Sad story about Chane Behanan’s Final Four ring.
The ring, from the University of Louisville basketball team’s appearance in the 2012 NCAA tournament, showed up on the Gray Flannel sports auction site this week, much to the surprise of Behanan and his mom.
The item was apparently taken from his grandmother’s jewelry box in her home in Cincinnati, according to Heaven Warren, his mother, in a USA Today report:
Warren said that after Behanan received his 2012 Final Four ring, she brought it to her mother’s home in Cincinnati – the house in which Chane was raised – because she figured it would be safe there. She said the home was never broken into, but she described it as a hub of social activity.
“Everybody congregates there,” Warren said. “On any given day you can go to my mother’s house, and it’s always somebody there. She’s the one that takes people in if somebody needs a place to stay… friends, cousins, long-distance cousins. There’s really no telling who will be there.”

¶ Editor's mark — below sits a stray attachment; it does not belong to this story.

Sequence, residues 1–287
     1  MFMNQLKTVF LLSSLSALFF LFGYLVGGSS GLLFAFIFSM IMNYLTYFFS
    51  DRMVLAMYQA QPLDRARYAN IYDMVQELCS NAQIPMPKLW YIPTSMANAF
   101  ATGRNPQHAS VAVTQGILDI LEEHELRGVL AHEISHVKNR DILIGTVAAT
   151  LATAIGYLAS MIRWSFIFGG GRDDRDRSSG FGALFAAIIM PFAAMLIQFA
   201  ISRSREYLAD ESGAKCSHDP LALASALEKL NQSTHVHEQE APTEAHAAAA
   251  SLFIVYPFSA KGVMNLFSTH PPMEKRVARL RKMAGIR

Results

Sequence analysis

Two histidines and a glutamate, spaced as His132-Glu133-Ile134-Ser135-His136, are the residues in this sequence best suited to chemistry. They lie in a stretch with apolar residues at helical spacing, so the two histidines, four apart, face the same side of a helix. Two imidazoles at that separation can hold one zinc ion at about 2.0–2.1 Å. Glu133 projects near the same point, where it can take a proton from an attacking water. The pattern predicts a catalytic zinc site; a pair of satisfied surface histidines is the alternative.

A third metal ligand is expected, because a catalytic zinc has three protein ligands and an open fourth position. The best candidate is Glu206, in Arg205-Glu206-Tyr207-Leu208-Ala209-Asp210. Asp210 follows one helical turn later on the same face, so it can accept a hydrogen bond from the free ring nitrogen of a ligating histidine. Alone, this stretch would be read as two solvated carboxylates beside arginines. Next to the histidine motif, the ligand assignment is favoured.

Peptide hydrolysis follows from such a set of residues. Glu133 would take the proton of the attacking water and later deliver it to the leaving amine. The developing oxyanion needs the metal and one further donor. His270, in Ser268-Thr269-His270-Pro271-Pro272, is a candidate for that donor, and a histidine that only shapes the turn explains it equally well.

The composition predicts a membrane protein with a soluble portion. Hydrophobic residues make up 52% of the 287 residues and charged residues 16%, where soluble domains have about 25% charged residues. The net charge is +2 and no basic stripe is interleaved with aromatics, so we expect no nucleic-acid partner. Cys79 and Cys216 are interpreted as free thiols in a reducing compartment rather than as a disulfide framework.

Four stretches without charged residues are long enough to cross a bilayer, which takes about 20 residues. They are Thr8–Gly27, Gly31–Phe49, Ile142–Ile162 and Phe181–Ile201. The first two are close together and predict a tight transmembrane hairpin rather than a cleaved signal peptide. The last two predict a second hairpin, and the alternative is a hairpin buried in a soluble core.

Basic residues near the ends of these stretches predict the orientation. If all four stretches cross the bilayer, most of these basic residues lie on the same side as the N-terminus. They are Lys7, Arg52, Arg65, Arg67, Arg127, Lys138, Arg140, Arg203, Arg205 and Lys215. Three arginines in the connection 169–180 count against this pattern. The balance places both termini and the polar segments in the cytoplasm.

Now, Warren says, it appears that someone who passed through the home took the ring. She said none of her mother’s other jewelry was missing, however.
Meanwhile, Behanan and UofL basketball are again thrust into a negative spotlight. The NCAA oligarchy apparently doesn’t permit athletes to sell personal property that has been awarded to them by the organization or the school? Grey Flannel is returning the ring to Behanan but the inability for someone to sell personal property doesn’t quite make sense.
Just another one of those stories with a 24-hour news cycle. One good thing about living in a microwave society.